Tuesday, July 13, 2010

Mormon Mondays (on Tuesday): Introduction

There are many things that are shrouded in mystery: the vastness of the universe, the number of species floating in the deep sea, how much of a sausage is actually hoof and snout, and the Mormon church. There's a lot about the Latter Day Saints that people just don't know, something that is both a curse and a blessing to the church. It's a curse because this lack of knowledge leads people under the erroneous assumption that Mormons are something strange and scary, a pinkly-scrubbed army of Stepford husbands and wives with bizarre lifestyle choices. It also a blessing because, well, there are a number of things about the church that are just plain odd to those on the outside. Your typical Christian-based faith does not have the instantly-recognizable image of the Mormon missionary, all wearing their standard uniform black slacks and impossibly crisp white shirts. Also, the idea of a sequel to the Bible, the Book of Mormon, understandably strikes a majority of Christians as insulting, in the same way that designating the Jewish Bible as an "Old" Testament is probably insulting to a majority of Jews. Then there are the contents of the Book of Mormon itself, which makes such claims as Native Americans actually being Jews and Jesus spending a brief stint in the New World to preach the good news to said Indians/Jews. Not to mention such divine pronouncements as plural wives, blood atonement, and baptism of the dead, two of which have been done away with and continue to be an embarrassment to the church. As such, the church is extremely sensitive about its image to the world, and continues to work hard to show the world that they are nothing to be afraid of, that they are nothing more than your pure, dutiful, hard-working neighbor ready to lend a hand when in need.

That is not my interest with this series.

I have a deep, sometimes frustrating love of the Latter-day Saints. It is one of the most fascinating religions in the world because unlike the other major world religions, there is a crystal-clear written record documenting the creation of the church and the life of it's founder, Joseph Smith. That alone makes it fascinating. There is also the matter of the Book of Mormon, which can either be seen as the divinely inspired word of God in the New World, or the lengthy first novel of an exceedingly religious and cash-strapped con man. The Mormons tend to get ignored in history classes, with maybe the odd mention of Brigham Young. What I hope is that I can bring you some of the juicier, more interesting aspects of Mormon history, along with analyses of their sacred texts, reviews of Mormon books/movies/documentaries, and other assorted goodness. I am not personally a Mormon, but I am definitely an unabashed fan, and everything I plan to write in this series is the product of both love and respect for this church and their members. Now sit back, take a swig of your favorite decaffeinated beverage, and let's begin.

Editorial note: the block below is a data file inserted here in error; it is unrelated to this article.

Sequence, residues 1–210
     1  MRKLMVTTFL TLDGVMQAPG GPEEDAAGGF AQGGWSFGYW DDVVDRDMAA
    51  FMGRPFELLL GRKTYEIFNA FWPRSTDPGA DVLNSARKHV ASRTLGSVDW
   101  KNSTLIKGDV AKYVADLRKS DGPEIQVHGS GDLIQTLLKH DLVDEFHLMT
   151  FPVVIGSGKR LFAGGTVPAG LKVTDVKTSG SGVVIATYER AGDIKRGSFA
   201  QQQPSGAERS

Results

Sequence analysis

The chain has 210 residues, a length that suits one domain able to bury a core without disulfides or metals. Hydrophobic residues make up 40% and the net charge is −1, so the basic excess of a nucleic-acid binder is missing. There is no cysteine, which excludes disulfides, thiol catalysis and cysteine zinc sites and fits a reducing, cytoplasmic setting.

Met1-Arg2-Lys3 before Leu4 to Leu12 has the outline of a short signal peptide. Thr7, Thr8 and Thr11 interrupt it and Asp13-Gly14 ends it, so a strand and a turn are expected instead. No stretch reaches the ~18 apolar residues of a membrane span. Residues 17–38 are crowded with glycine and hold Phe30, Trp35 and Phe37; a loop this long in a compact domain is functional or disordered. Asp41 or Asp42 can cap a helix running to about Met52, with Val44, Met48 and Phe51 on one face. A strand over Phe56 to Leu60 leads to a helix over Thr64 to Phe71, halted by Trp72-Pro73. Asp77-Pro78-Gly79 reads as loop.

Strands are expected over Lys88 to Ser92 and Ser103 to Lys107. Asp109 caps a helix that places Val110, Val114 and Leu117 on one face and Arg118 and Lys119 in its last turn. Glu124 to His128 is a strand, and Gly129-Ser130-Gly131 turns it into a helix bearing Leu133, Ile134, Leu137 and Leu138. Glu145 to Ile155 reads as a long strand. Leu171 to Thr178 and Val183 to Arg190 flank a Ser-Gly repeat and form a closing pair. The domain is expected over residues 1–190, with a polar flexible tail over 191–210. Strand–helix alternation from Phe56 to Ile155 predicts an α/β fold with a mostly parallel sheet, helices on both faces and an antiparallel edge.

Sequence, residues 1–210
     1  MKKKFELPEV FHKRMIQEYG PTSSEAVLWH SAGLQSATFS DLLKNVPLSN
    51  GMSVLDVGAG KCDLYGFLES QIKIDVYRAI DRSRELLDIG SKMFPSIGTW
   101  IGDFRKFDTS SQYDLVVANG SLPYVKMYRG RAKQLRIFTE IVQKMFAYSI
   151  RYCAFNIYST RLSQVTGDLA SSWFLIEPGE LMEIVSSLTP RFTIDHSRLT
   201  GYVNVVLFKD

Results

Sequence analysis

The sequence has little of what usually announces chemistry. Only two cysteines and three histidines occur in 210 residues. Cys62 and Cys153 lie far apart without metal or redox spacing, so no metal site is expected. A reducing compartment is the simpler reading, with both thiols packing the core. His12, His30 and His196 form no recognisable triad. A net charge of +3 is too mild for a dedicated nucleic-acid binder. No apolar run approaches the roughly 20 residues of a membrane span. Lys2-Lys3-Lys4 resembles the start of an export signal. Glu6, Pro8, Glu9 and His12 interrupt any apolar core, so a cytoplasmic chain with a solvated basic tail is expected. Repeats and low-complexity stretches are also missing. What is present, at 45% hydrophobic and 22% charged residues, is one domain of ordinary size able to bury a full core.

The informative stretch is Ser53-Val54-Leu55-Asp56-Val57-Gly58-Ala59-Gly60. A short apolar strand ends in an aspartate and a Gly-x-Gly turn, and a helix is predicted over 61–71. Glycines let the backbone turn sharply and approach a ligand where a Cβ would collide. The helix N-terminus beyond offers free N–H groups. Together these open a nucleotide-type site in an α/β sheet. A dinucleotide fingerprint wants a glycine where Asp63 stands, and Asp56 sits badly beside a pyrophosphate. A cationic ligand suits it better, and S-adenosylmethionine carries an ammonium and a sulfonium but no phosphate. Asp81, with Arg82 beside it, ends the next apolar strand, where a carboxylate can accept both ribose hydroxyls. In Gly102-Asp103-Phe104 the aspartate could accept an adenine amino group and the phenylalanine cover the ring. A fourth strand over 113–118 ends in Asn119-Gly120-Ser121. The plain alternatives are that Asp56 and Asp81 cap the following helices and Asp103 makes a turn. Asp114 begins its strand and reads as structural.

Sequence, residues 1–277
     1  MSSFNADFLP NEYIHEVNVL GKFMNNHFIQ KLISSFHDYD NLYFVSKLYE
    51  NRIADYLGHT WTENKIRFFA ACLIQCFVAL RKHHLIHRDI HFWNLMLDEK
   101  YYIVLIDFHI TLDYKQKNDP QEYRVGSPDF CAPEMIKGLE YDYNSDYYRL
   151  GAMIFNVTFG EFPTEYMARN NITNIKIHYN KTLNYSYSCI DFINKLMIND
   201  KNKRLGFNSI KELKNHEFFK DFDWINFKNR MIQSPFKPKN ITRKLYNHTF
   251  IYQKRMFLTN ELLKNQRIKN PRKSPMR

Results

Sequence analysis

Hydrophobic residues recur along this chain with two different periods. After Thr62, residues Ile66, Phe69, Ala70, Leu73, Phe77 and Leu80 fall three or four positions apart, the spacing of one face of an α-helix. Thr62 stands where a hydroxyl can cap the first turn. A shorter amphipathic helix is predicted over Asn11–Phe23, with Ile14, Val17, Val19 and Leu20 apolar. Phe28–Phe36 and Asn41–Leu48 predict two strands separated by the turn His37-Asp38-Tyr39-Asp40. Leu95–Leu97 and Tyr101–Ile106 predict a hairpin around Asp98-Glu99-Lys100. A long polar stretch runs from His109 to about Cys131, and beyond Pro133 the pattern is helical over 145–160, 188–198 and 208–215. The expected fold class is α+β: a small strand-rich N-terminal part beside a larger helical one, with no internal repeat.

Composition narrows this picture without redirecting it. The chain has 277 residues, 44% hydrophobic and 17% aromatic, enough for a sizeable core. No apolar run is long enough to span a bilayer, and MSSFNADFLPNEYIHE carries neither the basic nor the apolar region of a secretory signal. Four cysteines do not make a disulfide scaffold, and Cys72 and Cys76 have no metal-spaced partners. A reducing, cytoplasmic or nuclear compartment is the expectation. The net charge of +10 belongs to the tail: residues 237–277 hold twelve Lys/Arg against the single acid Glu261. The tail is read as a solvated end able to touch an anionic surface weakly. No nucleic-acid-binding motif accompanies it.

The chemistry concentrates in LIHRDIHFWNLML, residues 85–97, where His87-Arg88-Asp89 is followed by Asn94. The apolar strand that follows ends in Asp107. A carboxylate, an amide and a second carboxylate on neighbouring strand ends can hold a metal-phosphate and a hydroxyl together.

Note: This series is confusingly called Mormon Mondays, Since this is Scott's blog and he owns Monday, this gets posted on Tuesdays. However, I still love the name "Mormon Mondays," so I kept it.

5 comments:

  1. I'm interested in reading this! I, too, have a strange fascination with the Mormon belief system, though I don't consider it a form of Christianity. I'll be interested in seeing what you bring up and talk about, however! Have you read much on the subject?

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  2. I've read a decent amount, though I'm by no means an expert. Most of what I've read has been focused on Joseph Smith and the Book of Mormon. I've even read the BOM, and plan on doing a chapter-by-chapter review of it at some point. If you're interested in Joseph Smith, the best biography about him is supposed to be Fawn Brodie's "No Man Knows My History." I've been meaning to read that one but haven't gotten around to it yet. If you're interested in the BOM, "An Insider's View of Mormon Origins" is fantastic. Although it takes a fairly blatant "anti-religion" stance, Krakauer's "Under the Banner of Heaven" is pretty incredible. It has a brief history of the Mormon church, the FLDS, and ties all of this into a sickening account of an extreme fundamentalist who believes that a divine revelation from God commanded him to murder his brother's wife and baby. There was also a PBS series called The Mormons which is interesting and surprisingly unbiased.

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  3. Looking forward to your critique. If Questions throw it my way. Krakauer's Book was interesting but was narrow in presentation. The best Joseph Smith book is "Rough Stone Rolling", a historians well researched book that doesn't avoid the tough questions on Josephs life.

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  4. I have actually read No Man Knows My History, and I have The God Makers and an Emma Hale Smith biography waiting for me as well. :) Thanks for the other suggestions!

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  5. I'm gonna second the "not considering Mormonism Christianity." Like, oranges are not apples, and like Islam is not Christianity. Not a slander, just a designation.

    The one I wanna know more about are those Scientologists. I just....don't get 'em. The way I don't get why they use those stupid Old Navy dummies, you know?

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